On sealings in Delhi, yes, some judgement had been pronounced nullifying the piece of legislation passed by this House and thereafter, it changed when people's voice became louder enough to make them concerned. I have seen it in my home State. Finding its car blocked in a road jam because of some procession, the Judiciary pronounced a judgement that there should be no procession from eight in the morning till eight in the night. That day, people voiced against that judgement. Next day, there were big processions and lakhs of people were on the road. And on the next day, the Division Bench changed that judgement. When they declared bandh, the whole bandh was declared illegal. A number of bandhs have taken place. Even today, not by my own party, by Opposition parties in Bengal, some bandh is taking place. People are participating in that. Ultimately, the people's voice is heard much louder. I think, the Constitutional agencies which are all composed of human beings like us, should take a message from that.

(Contd. by RSS/2e)


SHRI TAPAN KUMAR SEN (CONTD.)... and should remain cautious so that they do not transgress the border defined by the Constitution, and I think, precisely that concern was expressed by Mr. Naik's Resolution. I think, the whole system will feel that concern so that harmony is maintained, equilibrium is maintained in the society. With this, I thank my colleague for bringing in this Resolution. Thank you. (Ends)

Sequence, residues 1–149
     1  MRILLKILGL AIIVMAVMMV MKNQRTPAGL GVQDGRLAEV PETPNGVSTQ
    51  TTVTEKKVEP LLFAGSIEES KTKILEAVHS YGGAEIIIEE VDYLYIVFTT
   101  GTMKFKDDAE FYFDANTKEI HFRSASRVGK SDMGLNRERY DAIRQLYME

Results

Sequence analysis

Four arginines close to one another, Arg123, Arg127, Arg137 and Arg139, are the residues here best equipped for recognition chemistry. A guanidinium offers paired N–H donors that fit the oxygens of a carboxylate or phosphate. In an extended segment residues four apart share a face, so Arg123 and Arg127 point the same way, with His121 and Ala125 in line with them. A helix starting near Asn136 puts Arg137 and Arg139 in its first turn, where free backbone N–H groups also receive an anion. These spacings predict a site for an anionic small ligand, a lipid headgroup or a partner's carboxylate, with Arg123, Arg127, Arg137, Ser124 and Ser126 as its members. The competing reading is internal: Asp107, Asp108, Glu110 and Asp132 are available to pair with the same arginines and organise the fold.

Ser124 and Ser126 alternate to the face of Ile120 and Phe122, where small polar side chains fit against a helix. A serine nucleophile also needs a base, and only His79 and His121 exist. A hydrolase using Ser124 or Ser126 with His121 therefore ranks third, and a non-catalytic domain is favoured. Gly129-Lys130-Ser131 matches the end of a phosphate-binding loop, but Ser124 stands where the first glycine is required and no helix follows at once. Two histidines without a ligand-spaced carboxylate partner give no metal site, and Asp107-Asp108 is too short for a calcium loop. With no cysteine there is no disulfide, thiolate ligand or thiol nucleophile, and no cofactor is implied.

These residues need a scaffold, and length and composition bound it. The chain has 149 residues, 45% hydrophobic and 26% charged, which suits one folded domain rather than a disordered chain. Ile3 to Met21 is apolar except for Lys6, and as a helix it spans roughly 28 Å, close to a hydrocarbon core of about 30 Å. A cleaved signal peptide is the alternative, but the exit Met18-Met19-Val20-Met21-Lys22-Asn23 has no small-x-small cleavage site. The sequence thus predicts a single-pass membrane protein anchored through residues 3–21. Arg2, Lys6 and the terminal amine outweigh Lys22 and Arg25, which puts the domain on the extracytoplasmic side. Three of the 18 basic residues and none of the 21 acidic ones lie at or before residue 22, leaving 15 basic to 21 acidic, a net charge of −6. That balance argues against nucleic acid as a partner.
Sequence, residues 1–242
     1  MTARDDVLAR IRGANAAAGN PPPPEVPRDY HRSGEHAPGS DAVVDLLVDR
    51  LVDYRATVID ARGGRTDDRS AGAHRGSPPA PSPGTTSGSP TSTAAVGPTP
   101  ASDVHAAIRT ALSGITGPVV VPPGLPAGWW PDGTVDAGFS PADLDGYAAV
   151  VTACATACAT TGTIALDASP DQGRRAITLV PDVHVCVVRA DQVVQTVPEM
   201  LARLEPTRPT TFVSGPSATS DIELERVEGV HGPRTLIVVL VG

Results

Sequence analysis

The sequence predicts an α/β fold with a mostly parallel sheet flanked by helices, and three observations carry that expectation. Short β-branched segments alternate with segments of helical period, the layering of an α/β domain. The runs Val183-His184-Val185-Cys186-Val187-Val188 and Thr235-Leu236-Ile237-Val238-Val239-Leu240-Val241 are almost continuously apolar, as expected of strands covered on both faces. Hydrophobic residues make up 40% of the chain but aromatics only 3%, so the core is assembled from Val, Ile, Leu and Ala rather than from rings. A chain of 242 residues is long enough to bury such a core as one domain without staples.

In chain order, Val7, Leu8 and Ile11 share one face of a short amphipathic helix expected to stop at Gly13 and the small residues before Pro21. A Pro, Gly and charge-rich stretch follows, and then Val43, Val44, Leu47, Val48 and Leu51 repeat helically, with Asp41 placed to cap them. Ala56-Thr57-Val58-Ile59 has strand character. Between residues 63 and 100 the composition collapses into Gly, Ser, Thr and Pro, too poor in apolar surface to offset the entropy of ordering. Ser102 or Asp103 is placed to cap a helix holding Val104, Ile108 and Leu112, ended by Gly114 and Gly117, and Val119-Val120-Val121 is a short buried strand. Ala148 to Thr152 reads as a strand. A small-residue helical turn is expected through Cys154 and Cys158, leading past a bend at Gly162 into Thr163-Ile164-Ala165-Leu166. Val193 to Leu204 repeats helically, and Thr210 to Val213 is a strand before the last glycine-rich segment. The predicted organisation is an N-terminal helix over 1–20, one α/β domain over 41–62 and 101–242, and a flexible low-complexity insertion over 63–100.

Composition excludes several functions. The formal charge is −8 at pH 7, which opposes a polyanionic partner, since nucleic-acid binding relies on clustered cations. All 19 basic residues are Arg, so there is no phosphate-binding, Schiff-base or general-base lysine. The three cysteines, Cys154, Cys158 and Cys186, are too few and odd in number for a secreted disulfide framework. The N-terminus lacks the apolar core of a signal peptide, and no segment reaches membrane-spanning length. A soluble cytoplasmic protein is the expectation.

DR. E.M. SUDARSANA NATCHIAPPAN (TAMIL NADU): Thank you, Sir. The Resolution brought forward by Shri Naik is a thought-provoking Resolution. We have to find out why this particular Resolution is to be discussed before the Parliament, what is the situation which warranted bringing forward such a Resolution before the Parliament. We know that the Constitution of India is supreme in India. In U.K., the Parliament is supreme. But the Judiciary and the Executive are helping the Parliament. The Judiciary cannot do anything beyond the law made by the Parliament. In the American Constitution, the situation is different. They have to go according to the written Constitution, and the President has got more powers, that is, he is the Executive President, and the Supreme Court is interpreting the Constitution and the laws. But in India, I feel that it is a very, very minutely made Constitution, which needs a discussion like this then and there. After 50 years, a Member of Parliament, who was earlier a Lok Sabha Member, and now, a sitting Member of the Rajya Sabha, has come forward to move this Resolution before this House. What is the reason for that? What made him to come out with this Resolution? I have not followed his speech earlier. But I could find from the reading of this Resolution that there is some hastiness with the Judiciary to sit on judgment in respect of a law which is made by the Legislature, that is, the Parliament or the State Legislature. But, at the same time, we are not saying that whatever law is made by the Parliament or the State Legislature is supreme. In the beginning of my speech, I said that the Constitution is supreme in India. The Legislature is there to give more meaning to the Constitution, to make laws and rules according to the whims and fancies of the majority of people who vote and elect the Parliament. Therefore, the feelings of the people are reflected through laws made by the Parliament. The Executive is there to execute whatever laws or regulations are made by the Parliament. If these two wings of the State are violating the Constitution, if they are violating the laws, if they are violating the rules, then the court comes into the picture. Till then, the court has no jurisdiction at all to go into the activities of the Parliament or the Executive. Only if there is a violation of the Constitution or if there is a violation of law made by the Parliament or the rule made by the Executive or any such thing, the court can intervene, because we are controlled by the rule of law. Therefore, it is very clear and also interesting to make an academic discussion in respect of article 141. I just quote article 141 of the Constitution. It says: "The law declared by the Supreme Court shall be binding on all courts within the territory of India." This is a very interesting article which says, it is not binding upon the Executive or the Parliament, it is binding upon the courts. Why had such a thing happened? The verdict of the Supreme Court is also used as a law. A law is made by the Parliament. It cannot be made by the Supreme Court or the courts. But it can be interpreted by the Supreme Court. But when the legislative work of the Legislature is brought before the Supreme Court..... (contd. by 2f)